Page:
Intro: Pallet (Mostly) Planter Box Redux
Several plans for planter boxes made from pallets already exist on Instructables, so I'm probably adding another brick to a wall that can't get any higher. In any case, I hope my take on a pallet planter box will inspire some of you. This plan outlines my project, though I identify areas where builders can opt for different routes.
The garden box I make here will be about 20 inches tall and 13 inches wide.
To make the planter box, you will need
- A table saw or saber saw
- Perhaps a reciprocating saw
- A circular saw
- Screws or nails and/or a nail gun
- Landscape fabric, 6 mil plastic, or tar paper.
- Perhaps paint that restores old wood and fills in cracks
- Perhaps caulk rated for exterior use
- Safety goggles
Before you begin, please read this instructable, How to Determine if your Pallet is Safe for Use, especially if you plan to house vegetables in the planter box.
Step 1: Step One: Dismantle Pallets
Several instructable explain how to dismantle pallets to harvest the wood and possibly the nails. Here, I am providing my take on the process.
To dismantle the pallets, use a 10" or 12" extra-thick demolition blade on my reciprocating saw. Longer blades allow for leverage needed to work in between the boards. When dismantling the pallets, decide whether or not to remove nails and screws. It is a good idea to remove them if they may get in the way of cutting them to size. The builders decide whether they would like to remove the fasteners.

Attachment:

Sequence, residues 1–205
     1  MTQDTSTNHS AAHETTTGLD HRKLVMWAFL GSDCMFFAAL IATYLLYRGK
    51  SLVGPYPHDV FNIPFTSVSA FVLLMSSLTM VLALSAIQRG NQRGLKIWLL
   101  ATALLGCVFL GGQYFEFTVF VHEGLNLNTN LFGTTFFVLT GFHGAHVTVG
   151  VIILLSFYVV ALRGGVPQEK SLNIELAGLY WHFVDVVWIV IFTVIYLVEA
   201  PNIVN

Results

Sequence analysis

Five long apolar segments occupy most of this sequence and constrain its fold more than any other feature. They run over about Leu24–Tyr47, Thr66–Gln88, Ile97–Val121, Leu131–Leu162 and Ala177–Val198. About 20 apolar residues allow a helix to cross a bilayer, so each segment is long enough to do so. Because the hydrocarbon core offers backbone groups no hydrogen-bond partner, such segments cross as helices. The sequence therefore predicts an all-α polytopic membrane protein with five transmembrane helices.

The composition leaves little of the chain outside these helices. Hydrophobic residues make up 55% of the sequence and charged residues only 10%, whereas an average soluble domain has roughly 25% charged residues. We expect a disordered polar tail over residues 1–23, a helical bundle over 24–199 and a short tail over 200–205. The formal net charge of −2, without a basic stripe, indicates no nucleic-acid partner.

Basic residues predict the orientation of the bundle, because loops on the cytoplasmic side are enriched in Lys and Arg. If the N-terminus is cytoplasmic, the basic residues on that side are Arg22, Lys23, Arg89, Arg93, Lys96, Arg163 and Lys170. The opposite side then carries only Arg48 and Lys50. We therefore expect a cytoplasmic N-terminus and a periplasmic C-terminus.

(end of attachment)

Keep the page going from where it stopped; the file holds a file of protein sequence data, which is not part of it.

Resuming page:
Pulling pallets apart with a pry bar can be tricky, as the wood is often brittle and can splinter. It's a good option for those who want to save and reuse the nails, though. Some people saw off the ends of the wood and only pry from the center, but then they are losing 3-4 inches of good wood.
After I dismantle the pallets, I like to sort the wood.
Step 2: Step Two: Cut the Frame and Side Panel Wood
Standard pallets are just under 40 inches wide, so cut the side panel boards (the fat exterior boards that people will see) at 39 3/4 inches or so. A jig will help make the process faster. A 36-inch long by 13-inch wide by 20-inch tall planter box will consume just over one pallet's worth of planks.
Save boards that are cracked, crooked, or bark-edged. The good sides of those boards can be used if a board has to be ripped to width. Additionally, those boards might have a good ten inches or so that can be used for the bottom of the box. If several boards only have about 12 inches of good material, then you may want to use them on the sides of the box, horizontally.
To create the internal framing, rip the 2x4-ish wood to 2 x 2-ish wood. The internal framing for hollow-core interior doors is a good alternative for these pieces.